The smell of the room told Ken he was in some sort of storage area for documents, and he had a brief thought of setting everything on fire, but he realized that would have trapped him as well.  He would have to hope the zombies would pass by the door and eventually go away.  
              He crawled along the stacks, feeling to see if there was any place he could hide, or anyplace he could light a match.  His flashlight was back at the examination room, having fallen off his belt when Talon had forced him to duck for cover.  Ken had to be careful.  If the zombies saw the light, they’d stay outside the door forever, but he was heartened by the fact that they couldn’t open the door.
              Reaching the back of the room, Thorton went to the nearest corner and grabbed the nearest piece of paper.  Thumbing a match from his pocket, he lit it, then the paper.  He didn’t care what it was or what had warranted it to be saved in the Archives, but he didn’t care.  He needed the light and so he did it.  A quick glance around showed him boxes and boxes of documents, stacked from the floor to the ceiling.  Where he was hiding was only partially hidden from the door, so Ken quickly put out the lit paper.  He pulled his knife out of its sheath and his gun from his holster.  From his corner he could only be approached from two directions, so he figured he was good for now.  He hoped he zombies would discover the fresh corpses, eat their fill, and wander off.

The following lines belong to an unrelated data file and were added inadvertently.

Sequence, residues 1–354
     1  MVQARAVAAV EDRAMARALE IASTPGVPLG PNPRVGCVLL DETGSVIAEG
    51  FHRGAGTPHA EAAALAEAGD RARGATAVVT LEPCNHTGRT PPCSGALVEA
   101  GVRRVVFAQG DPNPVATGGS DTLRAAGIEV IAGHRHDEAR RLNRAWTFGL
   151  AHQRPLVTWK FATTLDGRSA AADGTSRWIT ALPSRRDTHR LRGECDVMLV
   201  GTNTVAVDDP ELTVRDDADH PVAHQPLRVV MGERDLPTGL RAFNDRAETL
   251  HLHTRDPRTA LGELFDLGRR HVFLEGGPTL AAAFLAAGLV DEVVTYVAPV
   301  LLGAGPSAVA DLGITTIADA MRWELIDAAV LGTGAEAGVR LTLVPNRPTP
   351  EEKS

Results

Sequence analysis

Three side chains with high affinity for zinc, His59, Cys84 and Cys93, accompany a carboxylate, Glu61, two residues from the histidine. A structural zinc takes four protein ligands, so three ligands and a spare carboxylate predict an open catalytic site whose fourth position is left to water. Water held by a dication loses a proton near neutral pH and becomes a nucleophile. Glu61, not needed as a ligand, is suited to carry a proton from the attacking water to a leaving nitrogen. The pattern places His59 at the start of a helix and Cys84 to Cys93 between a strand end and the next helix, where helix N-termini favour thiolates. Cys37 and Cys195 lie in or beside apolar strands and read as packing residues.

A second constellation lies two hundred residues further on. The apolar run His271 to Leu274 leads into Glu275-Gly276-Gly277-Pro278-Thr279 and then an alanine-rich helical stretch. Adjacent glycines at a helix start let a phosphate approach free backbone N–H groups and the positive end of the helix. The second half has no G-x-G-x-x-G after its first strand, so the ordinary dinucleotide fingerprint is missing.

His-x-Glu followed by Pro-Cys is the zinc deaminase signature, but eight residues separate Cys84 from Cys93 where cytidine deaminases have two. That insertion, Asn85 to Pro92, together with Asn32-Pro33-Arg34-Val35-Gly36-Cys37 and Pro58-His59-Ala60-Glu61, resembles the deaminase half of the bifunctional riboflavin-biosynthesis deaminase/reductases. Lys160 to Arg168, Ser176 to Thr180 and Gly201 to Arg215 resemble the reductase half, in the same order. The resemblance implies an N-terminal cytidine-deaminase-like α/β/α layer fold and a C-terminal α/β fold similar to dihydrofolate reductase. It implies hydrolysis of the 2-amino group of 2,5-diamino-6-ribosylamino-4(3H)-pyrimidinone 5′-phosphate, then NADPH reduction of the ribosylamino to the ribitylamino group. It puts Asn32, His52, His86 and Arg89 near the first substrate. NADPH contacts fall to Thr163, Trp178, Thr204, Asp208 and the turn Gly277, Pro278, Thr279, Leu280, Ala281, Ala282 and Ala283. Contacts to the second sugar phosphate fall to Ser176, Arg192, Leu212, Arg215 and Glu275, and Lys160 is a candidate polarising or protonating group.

About two hours later, Ken was awakened from a light nap to the sound of something bumping against the door.  He immediately became fully awake, and his ears strained to hear every small sound while his brain raced to figure out what each one meant.  As long as he didn’t hear anything that sounded like a latch opening or a door opening, he was okay.
              When nothing happened, Ken started to drift off again, his gun and knife hanging limply from each hand.  It may turn out okay after all, he thought.
                A loud bang startled him awake, and he struggled to drag himself to a standing position.  Peering over  the top of the stacks, he could see nothing, but he thought maybe he could hear better.  A creak sounded, then another bang.  He couldn’t tell for sure what was going on, and then he heard a strange sound.
              “Heee.  Heeee.  Heee.”
               Thorton froze, unsure of what to do.  If something was there, he had to move.  If he moved, he might attract it.  If he stayed still, it might pass by.  He didn’t think he could be smelled out due to the stench of the documents, but he wasn’t sure.